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Ministry of Agriculture, Food and Rural Affairs

MINUTE PIRATE BUGS OR Flower Bugs

Forficulidae

Scientific Names 
The most common species found are the minute pirate bug Orius insidiosus (Say) and the insidious flower bug Orius tristicolor (White)

Identification
Orius spp.
Eggs: 

  • 0.55 mm long
  • Clear
  •  Deposited inside plant material and rarely seen

Nymphs:

  • 0.2-0.5 mm
  • Yellow-orange to brown
  • Teardrop-shaped and wingless
  • Fast-moving and often take refuge in developing leaves and flowers
  • Have piercing-sucking mouthparts used to subdue and feed on their prey

Adults:

  • Orius insidiosus adults are 3 mm long, oval with black and white wing patches
  • Fast-moving and often take refuge in developing leaves and flowers
  • Have piercing-sucking mouthparts used to subdue and feed on their prey
  • Anthocoris spp. adults are 3 mm long

Often Confused With

N/A

Interactin With Host
Orius spp. and Anthocoris spp. are common predators in numerous agricultural crops. Both adults and nymphs suck body fluids from their prey. When prey populations are low, they will feed on pollen and plant juices. Both immature and adult Orius spp. consume 30 or more mites/day.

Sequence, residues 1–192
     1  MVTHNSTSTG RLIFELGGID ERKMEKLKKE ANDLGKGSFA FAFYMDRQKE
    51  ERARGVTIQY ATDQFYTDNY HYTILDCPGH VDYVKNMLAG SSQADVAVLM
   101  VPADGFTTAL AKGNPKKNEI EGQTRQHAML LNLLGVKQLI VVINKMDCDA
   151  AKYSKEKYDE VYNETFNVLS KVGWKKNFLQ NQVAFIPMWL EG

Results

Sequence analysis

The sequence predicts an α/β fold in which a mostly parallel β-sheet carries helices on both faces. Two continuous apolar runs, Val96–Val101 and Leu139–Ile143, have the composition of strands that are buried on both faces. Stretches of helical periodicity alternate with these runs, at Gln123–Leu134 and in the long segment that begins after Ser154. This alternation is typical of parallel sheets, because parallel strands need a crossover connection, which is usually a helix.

Period of Activity
Spring until fall.

Insects Attacked
Adults and nymphs feed on aphids, thrips, insect and mite eggs, and small caterpillars.

Monitoring and Management
O. insidiosus appears in vineyards in mid April and remains active through to October.  Anthocoris spp. adults are first active in late April to early May and most abundant in late July and early August. They occur most frequently on the under surfaces of leaves, searching along the mid-ribs for prey.

Minute pirate bug (D. Epstein, MSU)
Minute pirate bug Anthocorid adult with aphid prey (Photo by Bradley Higbee, Paramount Farming Co.) Nymph-Anthocoris species(Photo by Bradley Higbee, Paramount Farming Co.)Click to enlarge.